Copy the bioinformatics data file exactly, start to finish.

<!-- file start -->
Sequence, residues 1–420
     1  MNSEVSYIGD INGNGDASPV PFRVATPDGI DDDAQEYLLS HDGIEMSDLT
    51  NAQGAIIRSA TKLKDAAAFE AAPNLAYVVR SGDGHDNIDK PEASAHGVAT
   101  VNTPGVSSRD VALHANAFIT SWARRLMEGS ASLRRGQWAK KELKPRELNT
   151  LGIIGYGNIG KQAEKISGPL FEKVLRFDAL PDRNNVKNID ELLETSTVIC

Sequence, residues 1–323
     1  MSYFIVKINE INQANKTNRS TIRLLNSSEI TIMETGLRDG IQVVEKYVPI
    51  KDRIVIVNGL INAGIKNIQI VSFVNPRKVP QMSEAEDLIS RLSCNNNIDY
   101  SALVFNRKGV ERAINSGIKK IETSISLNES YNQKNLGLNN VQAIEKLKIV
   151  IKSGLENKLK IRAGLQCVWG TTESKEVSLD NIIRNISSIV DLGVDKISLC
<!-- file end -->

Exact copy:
Sequence, residues 1–420
     1  MNSEVSYIGD INGNGDASPV PFRVATPDGI DDDAQEYLLS HDGIEMSDLT
    51  NAQGAIIRSA TKLKDAAAFE AAPNLAYVVR SGDGHDNIDK PEASAHGVAT
   101  VNTPGVSSRD VALHANAFIT SWARRLMEGS ASLRRGQWAK KELKPRELNT
   151  LGIIGYGNIG KQAEKISGPL FEKVLRFDAL PDRNNVKNID ELLETSTVIC

Sequence, residues 1–323
     1  MSYFIVKINE INQANKTNRS TIRLLNSSEI TIMETGLRDG IQVVEKYVPI
    51  KDRIVIVNGL INAGIKNIQI VSFVNPRKVP QMSEAEDLIS RLSCNNNIDY
   101  SALVFNRKGV ERAINSGIKK IETSISLNES YNQKNLGLNN VQAIEKLKIV
   151  IKSGLENKLK IRAGLQCVWG TTESKEVSLD NIIRNISSIV DLGVDKISLC